Last week at the Engage Expo in Santa Clara, the speakers were quite enthusiastic about the future of Social Gaming and its huge forecast revenues. It’s true that market data from different players are appealing: $826M Social Games revenues expected by Screen Digest this year and $1B in 2011 while Virtual Goods market will represent $9B market for 2010 if you combine Asia and the US markets according to Allison Luong from Pearl Research. It’s still a niche but a growing one compare to the $20B spending in video games in 2009 in the US announced by NPD.
But as HI5 CTO Alex St john pointed out in an article on Techcrunch one weeks ago, the reality is quite different for the thousands of small studios which are more and more depending on Facebook platform and their no-spam policy. All the big players like Zynga, Playdom, Playfish or Crowdstar used wisely the Facebook “spam” virality tolerance of the early days to build an active fan base which jumped from game to game following the iteration of these studios. One year ago, Facebook realized that less than 40% of their user base was happy about the social gaming spam in their newsfeeds and consequently, Facebook changed the rules of the game. Thanks to the crazy based that they acquired during the good old days, big studios just iterated more and more games with massive marketing budget and cross promotions campaign while new entrants were getting very hard time to build from scratch significant audience that would make their business model relevant. To have a better idea about the dominance of the biggest studios, just take Zynga which has 215M MAU (same number as the US population from 12 to 64 years old) and represent half of the Facebook Social Gaming business according to different sources.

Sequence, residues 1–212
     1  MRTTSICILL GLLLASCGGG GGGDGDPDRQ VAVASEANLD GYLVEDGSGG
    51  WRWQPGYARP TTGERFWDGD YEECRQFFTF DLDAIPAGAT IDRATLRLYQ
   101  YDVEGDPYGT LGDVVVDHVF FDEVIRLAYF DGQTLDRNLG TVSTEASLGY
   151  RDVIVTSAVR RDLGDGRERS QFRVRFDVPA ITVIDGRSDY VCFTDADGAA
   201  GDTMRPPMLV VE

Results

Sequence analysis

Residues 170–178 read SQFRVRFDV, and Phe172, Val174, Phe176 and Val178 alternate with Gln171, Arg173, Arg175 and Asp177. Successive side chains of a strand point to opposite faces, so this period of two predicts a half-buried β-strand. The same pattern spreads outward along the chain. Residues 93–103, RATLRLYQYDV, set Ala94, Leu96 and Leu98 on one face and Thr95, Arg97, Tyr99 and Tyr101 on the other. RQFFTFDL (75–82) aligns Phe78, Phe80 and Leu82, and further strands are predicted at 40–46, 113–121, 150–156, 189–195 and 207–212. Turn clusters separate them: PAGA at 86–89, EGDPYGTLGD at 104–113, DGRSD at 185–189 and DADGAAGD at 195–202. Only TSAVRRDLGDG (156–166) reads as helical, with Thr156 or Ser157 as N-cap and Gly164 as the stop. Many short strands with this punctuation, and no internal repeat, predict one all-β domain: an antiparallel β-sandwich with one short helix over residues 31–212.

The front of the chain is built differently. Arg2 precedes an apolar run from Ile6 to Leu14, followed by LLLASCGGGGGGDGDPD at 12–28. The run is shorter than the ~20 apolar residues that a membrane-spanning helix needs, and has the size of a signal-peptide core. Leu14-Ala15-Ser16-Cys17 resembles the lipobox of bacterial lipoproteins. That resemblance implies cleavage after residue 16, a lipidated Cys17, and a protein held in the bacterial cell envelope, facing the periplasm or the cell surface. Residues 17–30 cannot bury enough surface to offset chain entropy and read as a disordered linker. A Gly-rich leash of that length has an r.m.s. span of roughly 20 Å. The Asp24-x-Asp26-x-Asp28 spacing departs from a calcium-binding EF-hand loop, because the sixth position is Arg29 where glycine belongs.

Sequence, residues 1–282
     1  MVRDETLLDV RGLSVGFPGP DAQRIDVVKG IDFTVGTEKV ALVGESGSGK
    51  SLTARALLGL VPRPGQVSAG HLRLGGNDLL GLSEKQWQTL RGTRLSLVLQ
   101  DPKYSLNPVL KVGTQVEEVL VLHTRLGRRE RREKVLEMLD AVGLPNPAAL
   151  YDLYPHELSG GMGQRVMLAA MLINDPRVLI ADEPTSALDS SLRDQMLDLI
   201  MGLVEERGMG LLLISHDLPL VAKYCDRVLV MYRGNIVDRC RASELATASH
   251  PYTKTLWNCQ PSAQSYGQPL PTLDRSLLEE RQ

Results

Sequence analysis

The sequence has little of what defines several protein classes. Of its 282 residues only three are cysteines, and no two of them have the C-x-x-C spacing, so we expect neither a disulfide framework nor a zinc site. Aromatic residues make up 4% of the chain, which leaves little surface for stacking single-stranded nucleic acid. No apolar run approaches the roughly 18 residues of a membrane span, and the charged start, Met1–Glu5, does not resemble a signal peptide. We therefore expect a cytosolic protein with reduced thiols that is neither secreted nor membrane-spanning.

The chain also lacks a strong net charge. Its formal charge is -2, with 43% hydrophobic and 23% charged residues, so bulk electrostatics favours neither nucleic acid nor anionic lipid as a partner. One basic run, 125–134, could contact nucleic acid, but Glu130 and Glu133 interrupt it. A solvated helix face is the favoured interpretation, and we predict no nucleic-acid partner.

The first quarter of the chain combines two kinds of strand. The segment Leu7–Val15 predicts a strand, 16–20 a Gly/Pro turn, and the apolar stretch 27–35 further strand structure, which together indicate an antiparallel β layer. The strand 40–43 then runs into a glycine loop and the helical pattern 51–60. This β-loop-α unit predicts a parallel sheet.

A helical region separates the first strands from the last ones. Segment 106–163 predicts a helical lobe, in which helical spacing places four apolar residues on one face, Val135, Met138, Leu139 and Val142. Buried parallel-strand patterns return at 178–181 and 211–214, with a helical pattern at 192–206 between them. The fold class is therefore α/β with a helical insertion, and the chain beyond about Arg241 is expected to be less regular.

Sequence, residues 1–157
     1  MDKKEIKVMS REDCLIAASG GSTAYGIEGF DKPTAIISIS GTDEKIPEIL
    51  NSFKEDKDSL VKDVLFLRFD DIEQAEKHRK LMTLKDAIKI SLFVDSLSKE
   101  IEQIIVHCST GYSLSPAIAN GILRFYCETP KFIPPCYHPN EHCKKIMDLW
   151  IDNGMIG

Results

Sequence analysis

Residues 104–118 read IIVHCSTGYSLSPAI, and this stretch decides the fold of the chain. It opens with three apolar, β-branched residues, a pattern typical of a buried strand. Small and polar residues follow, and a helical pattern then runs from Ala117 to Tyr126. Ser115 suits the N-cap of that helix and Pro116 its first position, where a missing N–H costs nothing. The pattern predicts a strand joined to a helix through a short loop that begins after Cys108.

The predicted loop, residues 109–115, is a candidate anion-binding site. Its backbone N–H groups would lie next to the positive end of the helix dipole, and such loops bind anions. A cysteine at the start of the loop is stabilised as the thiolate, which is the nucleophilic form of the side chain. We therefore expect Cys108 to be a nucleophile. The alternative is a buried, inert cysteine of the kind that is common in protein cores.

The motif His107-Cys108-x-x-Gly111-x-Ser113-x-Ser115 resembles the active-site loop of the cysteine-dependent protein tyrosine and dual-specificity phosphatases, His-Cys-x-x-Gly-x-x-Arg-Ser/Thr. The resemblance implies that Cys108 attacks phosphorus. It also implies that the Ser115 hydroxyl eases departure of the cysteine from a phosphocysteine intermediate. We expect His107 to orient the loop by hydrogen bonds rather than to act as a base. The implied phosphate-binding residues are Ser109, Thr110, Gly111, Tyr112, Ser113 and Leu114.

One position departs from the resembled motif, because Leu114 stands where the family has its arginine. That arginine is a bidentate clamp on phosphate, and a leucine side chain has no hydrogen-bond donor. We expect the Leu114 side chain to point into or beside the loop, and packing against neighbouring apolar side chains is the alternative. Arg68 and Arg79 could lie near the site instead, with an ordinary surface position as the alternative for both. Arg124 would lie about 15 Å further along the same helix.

So what are the opportunities? The virality which was key to build an audience and harvest money quickly is dying as John Pleasant claimed it few months ago, and new form of long term engagement will have to emerge. They key success factor will be (again) original content that will engage people with the game and provides tone of opportunity for monetization. Also, even if Facebook is the actual platform for Social Gaming, other alternatives exist and new platforms will be the next frontiers: tablets, smartphones… and consoles that could be the next big thing in a few years as they could apply the combo freemium plus virtual goods to their games for their next generation console.